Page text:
The first rule of Def Con, the conference attended by some of the world's most talented hackers, Black Hat and all: Don't use the Wi-Fi.
Just ask this woman. Her email and partial password were projected on a wall along with those of dozens of other unsuspecting victims. Adding hacked passwords to the so-called "Wall of Sheep," aka the wall of shame, is one of the conference's weirder traditions. The organizers offer one-on-one tutorials to victims, but none came forward.
We emailed a bunch of emails on the wall. This 28-year-old graphic designer from Utah agreed to tell her story on the condition that we preserve her anonymity — or what remains of it.
I went in honor of someone who normally keeps me from doing stuff like connecting to Wi-Fi at Def Con. But he wasn't there this time. It's been one of those crappy years.
I heard that I was on the Wall when I got your email. I had no idea. I was like, "Oh shit, shit, shit. I need to call some of my hacker friends to make sure I cover my tracks."
I was with a hacker for 10 years, so I could ask his friends. I called a few and said, "Don't judge me, but I just found out I was on the Wall of Sheep." They said, "Uh-oh. Yeah. You might want to change all your passwords and security features. Don't do that again." They said, "You should have known better."
There are black hats out there who will steal from you, but the main purpose [of the Wall] is for fun, and so that people can gain awareness of what is going on and how easy it is to get corrupted, and [so that they] learn to watch their backs. I haven't seen anything too terrible.
It doesn't look like anything got out of hand that I can't handle, but it's just embarrassing. It's the one mistake you don't make. I'm not in the industry. I can at least blame that.
I went into it like, "turn it all off," but I think it [happened on] the first night when I went to my hotel and went on to the hotel's Wi-Fi. Then I went back [to the conference] the next day and hadn't turned the setting off. It was only on for a few hours. It was Vegas, and I wasn't completely coherent all of the time, which is why I didn't remember.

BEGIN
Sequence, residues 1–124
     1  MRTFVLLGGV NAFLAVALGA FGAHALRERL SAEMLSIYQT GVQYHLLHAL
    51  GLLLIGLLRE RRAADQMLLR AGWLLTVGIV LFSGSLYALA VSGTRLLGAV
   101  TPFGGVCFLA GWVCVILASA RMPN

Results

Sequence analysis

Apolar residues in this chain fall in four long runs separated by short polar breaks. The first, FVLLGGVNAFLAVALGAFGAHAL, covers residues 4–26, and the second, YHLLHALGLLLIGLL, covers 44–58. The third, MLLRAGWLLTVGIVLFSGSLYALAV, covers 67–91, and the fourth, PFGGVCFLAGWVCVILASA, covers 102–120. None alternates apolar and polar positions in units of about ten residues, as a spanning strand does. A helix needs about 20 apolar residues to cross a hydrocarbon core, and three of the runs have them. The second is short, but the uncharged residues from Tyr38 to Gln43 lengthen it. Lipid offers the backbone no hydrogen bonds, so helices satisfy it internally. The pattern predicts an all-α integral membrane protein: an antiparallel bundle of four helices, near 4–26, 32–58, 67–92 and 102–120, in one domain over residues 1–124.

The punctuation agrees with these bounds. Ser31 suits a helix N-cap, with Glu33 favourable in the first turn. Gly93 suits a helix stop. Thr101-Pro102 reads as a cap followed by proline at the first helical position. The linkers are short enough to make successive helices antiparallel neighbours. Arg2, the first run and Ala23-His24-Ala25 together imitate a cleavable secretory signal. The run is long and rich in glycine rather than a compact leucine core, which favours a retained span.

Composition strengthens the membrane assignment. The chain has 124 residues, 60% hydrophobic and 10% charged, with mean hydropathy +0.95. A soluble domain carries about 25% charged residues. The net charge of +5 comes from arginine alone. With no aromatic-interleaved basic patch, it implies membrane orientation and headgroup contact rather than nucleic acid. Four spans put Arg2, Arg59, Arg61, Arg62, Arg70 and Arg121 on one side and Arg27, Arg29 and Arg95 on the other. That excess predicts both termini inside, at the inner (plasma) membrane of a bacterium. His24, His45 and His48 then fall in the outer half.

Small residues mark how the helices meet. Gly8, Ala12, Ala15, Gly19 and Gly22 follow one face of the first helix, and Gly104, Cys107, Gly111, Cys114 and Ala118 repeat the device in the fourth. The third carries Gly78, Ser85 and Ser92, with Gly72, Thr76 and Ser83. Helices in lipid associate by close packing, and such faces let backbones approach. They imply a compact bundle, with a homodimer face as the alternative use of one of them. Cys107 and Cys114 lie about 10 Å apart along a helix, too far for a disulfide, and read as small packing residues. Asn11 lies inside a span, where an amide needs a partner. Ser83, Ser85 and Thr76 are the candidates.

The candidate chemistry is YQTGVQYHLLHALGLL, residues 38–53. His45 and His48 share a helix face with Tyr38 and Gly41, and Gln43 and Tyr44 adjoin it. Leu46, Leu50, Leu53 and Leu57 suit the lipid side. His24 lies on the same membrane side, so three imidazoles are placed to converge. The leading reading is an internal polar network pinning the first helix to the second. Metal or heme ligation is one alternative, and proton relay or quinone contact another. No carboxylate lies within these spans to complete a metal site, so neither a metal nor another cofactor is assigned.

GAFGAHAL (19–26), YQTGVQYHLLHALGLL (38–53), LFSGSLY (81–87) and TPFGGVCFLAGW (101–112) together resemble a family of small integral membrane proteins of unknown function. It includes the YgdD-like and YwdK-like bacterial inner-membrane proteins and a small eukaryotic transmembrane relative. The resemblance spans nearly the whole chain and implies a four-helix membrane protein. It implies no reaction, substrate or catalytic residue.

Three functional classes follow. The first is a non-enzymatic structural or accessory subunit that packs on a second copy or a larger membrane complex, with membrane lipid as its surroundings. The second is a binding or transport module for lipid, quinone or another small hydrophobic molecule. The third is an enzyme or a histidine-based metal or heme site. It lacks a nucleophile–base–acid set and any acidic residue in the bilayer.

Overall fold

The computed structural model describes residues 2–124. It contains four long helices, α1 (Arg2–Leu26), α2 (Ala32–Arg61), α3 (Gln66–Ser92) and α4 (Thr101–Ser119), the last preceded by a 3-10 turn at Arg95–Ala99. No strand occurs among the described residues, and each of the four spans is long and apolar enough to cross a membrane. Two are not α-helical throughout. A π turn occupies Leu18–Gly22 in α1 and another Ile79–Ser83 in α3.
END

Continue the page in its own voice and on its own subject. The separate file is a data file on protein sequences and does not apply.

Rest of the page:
I just kept it off the rest of the trip. Most people I know don't turn on their phones the entire time they are down there. Some have been hacking since they were 14 or younger and work in the industry; they know this stuff a little better. Some bring laptops that can easily be corrupted so they can see how it was done.
At past Def Cons, I didn't really have to worry about it, because someone else was always there to take care of it. When we would get close, he'd say turn stuff off, don't let any of your wireless devices accept any open Wi-Fi or anything. Turn off Bluetooth, anything that connects to you. So I had someone watching out for me before, but since this was my first one on my own, I didn't take precautions.
I got my alert on my cell phone [saying] that I was using too much data. I knew something wasn't right, so I started making changes when I could. I left on Saturday, so I spent most of that night and the next day cleaning up my accounts that may be associated. I totally got owned. It's just such a rookie mistake.
But I had a good time. It's always a good time. As long as you remember most of it. Or maybe you don't want to remember. It just kicks your ass. But once a year? It isn't the worst thing for your liver.
Contact Justine Sharrock at email@example.com.
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